The game has several puzzles that are frequently referenced in interactive fiction reviews and forums: the Babel-fish puzzle, and the tea. It may be worthwhile to play through with a walkthrough just to see these.
Note that Douglas Adams released this game for free when Activision went a long time without selling it. I don't know the current status of it, but he intended to freely distribute it at least once in the past. It is not available on Lost Treasures of Infocom for iPad, my usual go-to place for Infocom games.
Hitchhikers is one of those games at times so dastardly, so unfair, so evil, that it shouldn't be enjoyable to play. But thanks to the wonderfully enjoyable writing of Douglas Adams and Steve Meretzky, HHGTG is an enjoyable puzzle-fest.
Sure some of the puzzles take dieing and restarting to solve, others take immense amounts of obtuse logic to complete. Because of the difficulty, HHGTG is very fulfilling if you complete it. It's a must play for fans of a) Douglas Adams or b) Classic puzzle-laden Infocom IF.
I'm not a huge Hitchhiker's fan, but I still thoroughly enjoyed Douglas Adams' characteristically witty, sardonic prose. Though the game has a (deserved) reputation for being difficult and at-times cruel in its design, the world-class satirical writing and absurdly fun sci-fi narrative are more than enough to motivate the player to meet these challenges.
The first half or so of the game largely follows the plot of the first Hitchhiker's novel, and occasionally draws verbatim from the novel, though with enough wrinkles, puzzles, and knowing tricks thrown in to make it more than a straight adaptation. A working knowledge of the novel will certainly help a player of the game, though having read the book does not at all make this first portion of the game redundant. Adams (apparently a huge fan of IF) and Infocom veteran Steve Meretzky build in lots of charming, self-aware details like warning players to don 'peril-sensitive sunglasses' before viewing a low score after they've died, or a death sequence where the story continues following the deceased Arthur Dent in the ambulance and scolding the player to stay out of it. There's just a lot of learning by death in this game, but it's usually fun if infuriating!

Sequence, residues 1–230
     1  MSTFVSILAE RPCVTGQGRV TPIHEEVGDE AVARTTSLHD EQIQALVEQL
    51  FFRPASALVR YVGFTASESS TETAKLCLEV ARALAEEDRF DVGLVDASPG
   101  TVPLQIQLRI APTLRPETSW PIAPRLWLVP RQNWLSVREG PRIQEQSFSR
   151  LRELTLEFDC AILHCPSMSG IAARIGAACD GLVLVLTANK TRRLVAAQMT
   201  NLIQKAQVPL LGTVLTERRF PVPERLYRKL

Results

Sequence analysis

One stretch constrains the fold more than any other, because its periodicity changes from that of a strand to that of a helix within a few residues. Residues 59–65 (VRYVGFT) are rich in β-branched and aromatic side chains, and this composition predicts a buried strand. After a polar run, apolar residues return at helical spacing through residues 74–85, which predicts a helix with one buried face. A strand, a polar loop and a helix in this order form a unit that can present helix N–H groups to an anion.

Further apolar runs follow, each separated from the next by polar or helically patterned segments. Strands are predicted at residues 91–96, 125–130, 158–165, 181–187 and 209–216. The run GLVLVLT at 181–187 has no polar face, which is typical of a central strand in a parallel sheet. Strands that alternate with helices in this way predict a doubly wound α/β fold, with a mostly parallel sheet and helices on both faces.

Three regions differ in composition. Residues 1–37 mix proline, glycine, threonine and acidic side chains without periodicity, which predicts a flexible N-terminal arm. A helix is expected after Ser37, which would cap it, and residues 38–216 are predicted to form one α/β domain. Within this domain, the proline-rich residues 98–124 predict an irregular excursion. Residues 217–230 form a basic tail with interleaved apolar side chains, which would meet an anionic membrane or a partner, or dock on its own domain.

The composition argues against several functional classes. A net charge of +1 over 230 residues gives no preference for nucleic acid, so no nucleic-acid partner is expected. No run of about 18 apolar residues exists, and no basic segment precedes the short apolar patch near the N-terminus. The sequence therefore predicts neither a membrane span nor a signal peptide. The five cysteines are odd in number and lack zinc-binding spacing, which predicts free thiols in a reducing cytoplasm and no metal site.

The second part of the game diverges quite a bit in its design, moving from the more or less linear plot following that of the novel to a non-linear episodic design where the player departs from a central map to points across time and space. I really, really liked this except for some major details regarding the mechanics of this episodic structure that are not divulged to the player. It takes quite a bit of finagling (or consulting a walkthrough) to understand how to (Spoiler - click to show)handle the Infinity Drive and get in and out of the darkness, none of which is explained to the player. For many of the episodes, it's also not very clear what the objective is or what the player needs to do to make sure they don't end up in an unwinnable state. Nor is it clear how many episodes the player needs to go through before advancing to the concluding sequence of the game.
In full disclosure, I made heavy use of a walkthrough to get over these difficulties. Even still, I greatly enjoyed this game, and found its design inventive and its writing winning. I feel like a bit more direction about how to navigate through the episodes in the second part of the game would have added to the player experience without necessarily sacrificing any difficulty of the game. As it is, it feels like parts of the game design are cruel just for the sake of being cruel. Regardless, I highly recommend playing this -- and no shame for using a walkthrough at some key points.